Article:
The man was just looking for his boots.
His name was Shawn Slappy. He was a security guard at a local hospital who had been living with his girlfriend, an exotic dancer named Sherry Murphy. He suspected she had hidden the boots from him, so when he reached the basement door and found it locked, he pried it open with a screwdriver.
What he discovered there was beyond a nightmare: Two little boys cowering in the darkness, starving, filthy, and covered in burns. Slappy had been living in the house for months and had no idea he was sharing it with them.
When authorities arrived, the story only got worse. One of the boys said he had a twin brother who he hadn’t seen in weeks. Police eventually found the emaciated remains of seven-year-old Faheem Williams stuffed in a plastic storage bin.
The Faheem Williams case became a notorious one in Newark, the rough-and-tumble New Jersey city where this all unfolded fifteen years ago. It prompted a complete overhaul of New Jersey’s child protective services.
It also—thought I never would have known it at the time—sparked the beginnings of my latest novel, Closer Than You Know.
I was a newspaper reporter in Newark at the time, watching on in horror like the rest of the city. As a kid growing up in an upper middle class suburb in Connecticut, I had absolutely no experience with the social services system. If it was there at all, it was well hidden.
In a poor city like Newark, there was no rug large enough to sweep it under. In nearly every neighbourhood I went into as a reporter, child protective services was an enormous presence in people’s lives. But what I really took away from that time is the simple reality that no matter where you live—a poor U.S. city, a wealthy U.K. enclave, or anywhere in between—there is a government agency with the statutory authority to take your children from you.
Now, most of the time, that authority is only used with great discretion; and only, if anything, too late.
But what an incredible power.
Especially if it was abused.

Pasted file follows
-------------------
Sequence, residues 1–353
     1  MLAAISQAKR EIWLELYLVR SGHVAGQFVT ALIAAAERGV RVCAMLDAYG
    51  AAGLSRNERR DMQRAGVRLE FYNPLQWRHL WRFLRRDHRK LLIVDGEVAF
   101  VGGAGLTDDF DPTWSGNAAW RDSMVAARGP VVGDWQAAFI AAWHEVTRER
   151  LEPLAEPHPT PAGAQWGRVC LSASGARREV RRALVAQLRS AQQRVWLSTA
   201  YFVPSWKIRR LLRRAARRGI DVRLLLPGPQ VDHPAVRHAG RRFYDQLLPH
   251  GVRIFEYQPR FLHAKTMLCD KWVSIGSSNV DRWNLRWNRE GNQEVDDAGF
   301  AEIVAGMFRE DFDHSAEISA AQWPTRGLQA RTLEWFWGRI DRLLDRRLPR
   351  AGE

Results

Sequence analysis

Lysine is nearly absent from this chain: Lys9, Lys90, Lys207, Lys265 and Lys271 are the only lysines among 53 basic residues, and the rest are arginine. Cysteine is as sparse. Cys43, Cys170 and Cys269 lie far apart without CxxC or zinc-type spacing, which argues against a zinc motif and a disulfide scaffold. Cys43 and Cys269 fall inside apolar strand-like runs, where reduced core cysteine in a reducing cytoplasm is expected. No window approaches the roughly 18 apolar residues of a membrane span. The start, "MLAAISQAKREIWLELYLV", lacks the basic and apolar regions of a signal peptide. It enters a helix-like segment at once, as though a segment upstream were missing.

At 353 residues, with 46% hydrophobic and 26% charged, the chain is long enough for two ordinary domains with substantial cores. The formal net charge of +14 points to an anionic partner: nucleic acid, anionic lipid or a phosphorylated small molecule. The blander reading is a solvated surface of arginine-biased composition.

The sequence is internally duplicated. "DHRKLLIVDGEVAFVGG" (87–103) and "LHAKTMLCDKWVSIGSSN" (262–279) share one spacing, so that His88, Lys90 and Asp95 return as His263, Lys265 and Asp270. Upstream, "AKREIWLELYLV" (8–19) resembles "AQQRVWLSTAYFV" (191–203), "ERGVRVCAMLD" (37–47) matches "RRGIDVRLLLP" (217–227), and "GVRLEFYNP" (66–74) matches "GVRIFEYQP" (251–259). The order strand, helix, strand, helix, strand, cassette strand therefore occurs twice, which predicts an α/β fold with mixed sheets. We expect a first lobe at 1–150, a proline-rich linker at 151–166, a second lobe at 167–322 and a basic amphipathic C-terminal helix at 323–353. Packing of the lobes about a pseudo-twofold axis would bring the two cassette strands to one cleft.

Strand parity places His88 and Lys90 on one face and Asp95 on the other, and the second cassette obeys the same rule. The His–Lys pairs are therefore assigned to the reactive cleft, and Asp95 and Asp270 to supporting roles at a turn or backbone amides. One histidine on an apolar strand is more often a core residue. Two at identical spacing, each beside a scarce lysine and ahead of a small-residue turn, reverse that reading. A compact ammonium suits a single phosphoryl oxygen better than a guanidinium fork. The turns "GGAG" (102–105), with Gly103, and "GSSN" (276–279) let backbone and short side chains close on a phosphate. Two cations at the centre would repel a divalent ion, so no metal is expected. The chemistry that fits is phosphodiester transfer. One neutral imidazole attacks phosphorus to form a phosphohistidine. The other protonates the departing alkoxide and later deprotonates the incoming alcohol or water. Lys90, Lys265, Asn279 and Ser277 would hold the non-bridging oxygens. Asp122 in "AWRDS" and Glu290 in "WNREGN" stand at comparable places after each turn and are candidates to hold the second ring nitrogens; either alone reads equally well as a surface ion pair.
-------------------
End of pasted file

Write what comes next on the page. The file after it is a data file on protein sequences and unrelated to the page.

That’s the premise of Closer Than You Know, my latest thriller: that someone who understands the child protective services system could manipulate it to steal a child.
It’s actually not as difficult as you might think. In some places, especially poorer communities, people use social services as a weapon, making anonymous phone calls alleging abuse out of sheer spite. And social workers, who have been trained to avoid another tragedy like Faheem Williams, have no choice but to act first and ask questions later.
So that’s the scenario facing Melanie Barrick, the protagonist of this novel. She’s a young working mother who goes to pick up her infant son from childcare one evening only to learn he’s been taken away by social services—and no one will even tell her why.
For Melanie, who grew up in foster care herself, it’s doubly terrifying: No one knows the horrors of “the system,” as everyone coldly calls it, than someone who spent her childhood trying to survive it.
Which leads to the book’s title. It references an exchange Melanie once had with one of her foster care sisters, upon learning she was about to be shipped off to a new placement.
“This is a disaster,” Melanie moaned.
“Honey, this is the foster care system,” the sister replied. “Disaster is always closer than you know.”
Brad Parks is the only author to have won the Shamus, Nero, and Lefty Awards, three of crime fiction’s most prestigious prizes. Visit him on Facebook or sign up for his newsletter, which covers the exploits of his unruly interns, at www.BradParksBooks.com.
Closer Than You Know by Brad Parks is published in March by Faber & Faber (£12.99)
It was a lesson she learned the hard way growing up in the constant upheaval of foster care. But now that she’s survived into adulthood - with a loving husband, a steady job, and a beautiful baby boy - she thought that turmoil was behind her. Until the evening she goes to pick up her son from childcare, only to discover he’s been removed by Social Services. And no one will say why. A terrifying scenario for any parent, it’s doubly so for Melanie, all too aware of the unintended horrors of ‘the system’. When she arrives home, her nightmare gets worse – it has been raided by Sheriff’s deputies, who have found enough cocaine to send her to prison for years. If Melanie can’t prove her innocence, she’ll lose her son forever. Her case is assigned to Amy Kaye, a no-nonsense assistant Commonwealth’s attorney. Amy’s boss wants to make an example out of Melanie, who the local media quickly christens ‘Coke Mom’. But Amy’s attention continues to be diverted by a cold case no one wants her to pursue: a serial rapist who has avoided detection by wearing a mask and whispering his commands. Over the years, he has victimised dozens of women in the area - including Melanie. Now it’s this mystery man who could be the key to her salvation… or her ultimate undoing.